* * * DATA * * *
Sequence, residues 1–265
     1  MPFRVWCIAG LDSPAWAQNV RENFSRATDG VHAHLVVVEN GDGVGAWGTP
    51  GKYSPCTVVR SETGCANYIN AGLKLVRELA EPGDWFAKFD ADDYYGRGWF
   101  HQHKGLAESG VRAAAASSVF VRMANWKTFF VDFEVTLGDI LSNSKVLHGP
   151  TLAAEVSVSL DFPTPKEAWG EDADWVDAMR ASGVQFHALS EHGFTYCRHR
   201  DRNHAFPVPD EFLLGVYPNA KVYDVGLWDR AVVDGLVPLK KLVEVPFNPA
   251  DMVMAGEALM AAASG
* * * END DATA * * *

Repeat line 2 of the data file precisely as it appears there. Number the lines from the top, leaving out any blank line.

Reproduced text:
     1  MPFRVWCIAG LDSPAWAQNV RENFSRATDG VHAHLVVVEN GDGVGAWGTP